The SEM world has been set aflame by some of the recent changes seen on Google’s Search Engine Results Page.  First observed by Dr. Pete over at SEOmoz and later elaborated on at length by Larry Kim over at Wordstream, the main takeaway for all of you intrepid PPC Account Managers out there is this:  On many searches, Google has been showing only seven organic search listings on the first page, instead of the usual ten.  Have a look below at this screenshot taken today on a random query for Google AdWords:

SERP Screenshot
Google’s search engine results page now limits some queries to seven organic listings.

There are only seven organic listings couched in between the two sponsored ads.  You can replicate this result across multiple queries.  Which I did.  Repeatedly.  Based on the research from the excellent Larry Kim Wordstream article linked above, keyword searches with organic sitelinks (which, as noted, tend to be branded or navigational queries) are showing seven or fewer organic listings.  Some are even showing as few as five!

So, the real question is this:  What can you do to take advantage of this change in your own PPC campaigns?

1) Give lower ad positions on the first page a second look.

For some queries, you now have way less competition from the usual organic listings on queries that have a six-pack of sitelinks tagging along.  This means that there is more valuable screen real estate out there for your ad to stand out.  When you’re not in competition with an additional three organic listings, there’s a greater probability of your ad grabbing eyeballs and clicks.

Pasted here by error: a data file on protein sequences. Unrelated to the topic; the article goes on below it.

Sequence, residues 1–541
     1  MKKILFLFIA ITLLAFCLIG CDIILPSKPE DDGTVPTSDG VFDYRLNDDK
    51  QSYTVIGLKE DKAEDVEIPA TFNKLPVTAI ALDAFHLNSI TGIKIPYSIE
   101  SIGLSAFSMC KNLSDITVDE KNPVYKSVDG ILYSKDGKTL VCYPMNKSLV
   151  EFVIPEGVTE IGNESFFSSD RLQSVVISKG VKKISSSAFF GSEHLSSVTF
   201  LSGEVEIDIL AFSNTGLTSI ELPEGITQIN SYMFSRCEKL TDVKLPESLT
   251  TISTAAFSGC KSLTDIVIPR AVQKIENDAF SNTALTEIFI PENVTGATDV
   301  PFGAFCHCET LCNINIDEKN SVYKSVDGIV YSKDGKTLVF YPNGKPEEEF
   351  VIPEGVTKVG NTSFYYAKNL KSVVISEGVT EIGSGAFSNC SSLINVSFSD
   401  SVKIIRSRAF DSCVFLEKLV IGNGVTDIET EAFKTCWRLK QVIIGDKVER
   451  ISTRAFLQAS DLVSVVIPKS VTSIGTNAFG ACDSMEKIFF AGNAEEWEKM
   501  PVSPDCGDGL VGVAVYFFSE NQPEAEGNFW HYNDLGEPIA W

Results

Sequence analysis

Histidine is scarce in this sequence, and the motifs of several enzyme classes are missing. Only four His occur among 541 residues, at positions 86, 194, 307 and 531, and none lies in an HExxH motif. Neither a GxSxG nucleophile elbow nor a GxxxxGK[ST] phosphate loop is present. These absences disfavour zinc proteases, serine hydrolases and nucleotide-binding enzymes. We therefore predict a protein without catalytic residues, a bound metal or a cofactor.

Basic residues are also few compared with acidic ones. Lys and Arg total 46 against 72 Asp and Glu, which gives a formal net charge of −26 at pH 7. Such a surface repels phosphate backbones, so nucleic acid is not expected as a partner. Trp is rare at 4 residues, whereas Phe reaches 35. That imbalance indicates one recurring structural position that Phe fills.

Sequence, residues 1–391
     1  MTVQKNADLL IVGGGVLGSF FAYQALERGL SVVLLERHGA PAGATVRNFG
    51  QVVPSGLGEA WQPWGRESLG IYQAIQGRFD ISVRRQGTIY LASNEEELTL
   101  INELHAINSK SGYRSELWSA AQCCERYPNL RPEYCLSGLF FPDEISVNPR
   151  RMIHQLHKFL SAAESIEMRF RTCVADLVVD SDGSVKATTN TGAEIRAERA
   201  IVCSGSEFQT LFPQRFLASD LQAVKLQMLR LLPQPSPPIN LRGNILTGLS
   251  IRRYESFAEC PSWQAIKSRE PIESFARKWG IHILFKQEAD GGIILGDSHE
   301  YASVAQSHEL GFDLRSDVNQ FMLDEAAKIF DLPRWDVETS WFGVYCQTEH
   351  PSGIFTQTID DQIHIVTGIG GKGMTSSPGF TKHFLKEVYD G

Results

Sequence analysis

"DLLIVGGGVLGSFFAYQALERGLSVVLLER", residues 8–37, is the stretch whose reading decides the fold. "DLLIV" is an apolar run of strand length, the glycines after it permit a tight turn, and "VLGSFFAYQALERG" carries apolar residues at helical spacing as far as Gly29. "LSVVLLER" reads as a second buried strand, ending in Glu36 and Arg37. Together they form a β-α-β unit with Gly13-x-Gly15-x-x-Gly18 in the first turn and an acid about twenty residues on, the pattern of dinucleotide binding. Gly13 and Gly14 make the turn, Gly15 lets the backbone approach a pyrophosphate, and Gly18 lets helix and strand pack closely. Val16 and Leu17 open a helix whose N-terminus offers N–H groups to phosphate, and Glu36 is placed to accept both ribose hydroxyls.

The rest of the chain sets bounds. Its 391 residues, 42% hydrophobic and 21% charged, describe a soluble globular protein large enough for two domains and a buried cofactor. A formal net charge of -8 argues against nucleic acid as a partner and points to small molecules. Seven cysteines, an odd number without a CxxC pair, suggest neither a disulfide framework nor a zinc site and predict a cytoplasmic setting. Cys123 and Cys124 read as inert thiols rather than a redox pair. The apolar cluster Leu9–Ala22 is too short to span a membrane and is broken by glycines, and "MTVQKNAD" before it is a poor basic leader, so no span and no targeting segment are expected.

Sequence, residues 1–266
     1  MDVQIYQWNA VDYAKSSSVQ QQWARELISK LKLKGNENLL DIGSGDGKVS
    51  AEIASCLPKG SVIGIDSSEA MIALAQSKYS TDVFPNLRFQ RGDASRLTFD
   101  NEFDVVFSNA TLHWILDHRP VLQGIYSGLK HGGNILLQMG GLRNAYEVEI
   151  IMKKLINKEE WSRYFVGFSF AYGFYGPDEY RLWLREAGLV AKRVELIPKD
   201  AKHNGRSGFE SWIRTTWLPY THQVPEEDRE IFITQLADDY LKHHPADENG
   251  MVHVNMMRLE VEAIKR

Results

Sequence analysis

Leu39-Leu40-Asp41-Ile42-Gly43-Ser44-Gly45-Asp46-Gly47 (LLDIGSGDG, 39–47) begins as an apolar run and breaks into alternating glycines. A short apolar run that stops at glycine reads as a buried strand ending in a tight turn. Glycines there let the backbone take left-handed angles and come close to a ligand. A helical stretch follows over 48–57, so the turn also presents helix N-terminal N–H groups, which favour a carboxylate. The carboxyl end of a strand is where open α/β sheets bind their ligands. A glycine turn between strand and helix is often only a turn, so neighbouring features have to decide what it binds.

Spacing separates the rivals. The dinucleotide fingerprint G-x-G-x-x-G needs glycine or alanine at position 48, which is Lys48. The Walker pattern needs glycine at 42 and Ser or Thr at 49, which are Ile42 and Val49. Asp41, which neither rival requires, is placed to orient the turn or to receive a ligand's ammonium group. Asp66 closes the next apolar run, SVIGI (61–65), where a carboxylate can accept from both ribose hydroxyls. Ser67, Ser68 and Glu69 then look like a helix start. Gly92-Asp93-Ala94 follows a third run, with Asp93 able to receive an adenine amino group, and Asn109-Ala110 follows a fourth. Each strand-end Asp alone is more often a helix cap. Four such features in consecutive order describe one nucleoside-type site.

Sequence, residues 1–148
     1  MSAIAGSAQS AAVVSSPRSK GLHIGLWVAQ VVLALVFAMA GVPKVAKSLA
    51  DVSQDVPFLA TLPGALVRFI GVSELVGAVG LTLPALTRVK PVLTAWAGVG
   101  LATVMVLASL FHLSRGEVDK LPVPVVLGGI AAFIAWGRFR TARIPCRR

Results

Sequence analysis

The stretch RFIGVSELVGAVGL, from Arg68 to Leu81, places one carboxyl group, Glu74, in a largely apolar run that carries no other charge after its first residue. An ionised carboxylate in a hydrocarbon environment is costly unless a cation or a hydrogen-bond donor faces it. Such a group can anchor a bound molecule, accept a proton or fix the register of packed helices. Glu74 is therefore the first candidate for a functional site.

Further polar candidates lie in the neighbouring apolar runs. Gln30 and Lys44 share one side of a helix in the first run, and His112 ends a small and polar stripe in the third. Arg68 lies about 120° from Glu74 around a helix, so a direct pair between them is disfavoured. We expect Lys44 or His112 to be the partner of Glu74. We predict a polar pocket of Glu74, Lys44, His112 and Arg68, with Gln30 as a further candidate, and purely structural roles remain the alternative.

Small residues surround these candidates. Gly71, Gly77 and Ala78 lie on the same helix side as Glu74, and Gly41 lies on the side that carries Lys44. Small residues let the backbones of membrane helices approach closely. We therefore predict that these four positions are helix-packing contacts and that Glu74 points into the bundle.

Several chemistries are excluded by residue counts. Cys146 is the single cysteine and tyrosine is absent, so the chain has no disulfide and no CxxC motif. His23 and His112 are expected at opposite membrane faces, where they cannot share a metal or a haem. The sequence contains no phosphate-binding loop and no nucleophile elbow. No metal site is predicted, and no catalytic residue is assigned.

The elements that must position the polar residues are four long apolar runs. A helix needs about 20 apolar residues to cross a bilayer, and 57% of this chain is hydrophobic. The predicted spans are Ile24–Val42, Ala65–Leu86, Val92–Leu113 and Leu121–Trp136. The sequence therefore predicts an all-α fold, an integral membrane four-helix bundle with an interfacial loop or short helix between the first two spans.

Consequently, if you find yourself out of first page bid price for certain keywords (specifically branded, navigational, and competitor terms for the same), try giving the first page low position spots a try.  You can try playing the odds now that they’re more in your favor, and you might like the results that you see.

2) Get more use out of your branded and navigational keywords.

Again, for the same reasons listed above, you should use the branded and navigational queries at your disposal.  The additional factors of lower domain diversity, less organic competition, and the reduction in organic SERP real estate make branded and navigational queries more important than ever.

This goes for both your terms and that of your competitors.  With fewer organic listings available, pay per click may be the lone opportunity you have to capitalize on competitor terms, and the same goes for your own.  You can see Sam’s excellent article on the use of the Auction Insights tool to make the most of your branded keywords here.

So there you have it.  We’ll be getting back to you soon with more news regarding AdWords and sitelinks (FYI: You might need to change some of your sitelinks), but that’s for another day.  Until then, I’d recommend taking a look at your own search results to see if your own terms are feeling the squeeze with this change.  Feel free to share your own tips and tricks for handling this change below!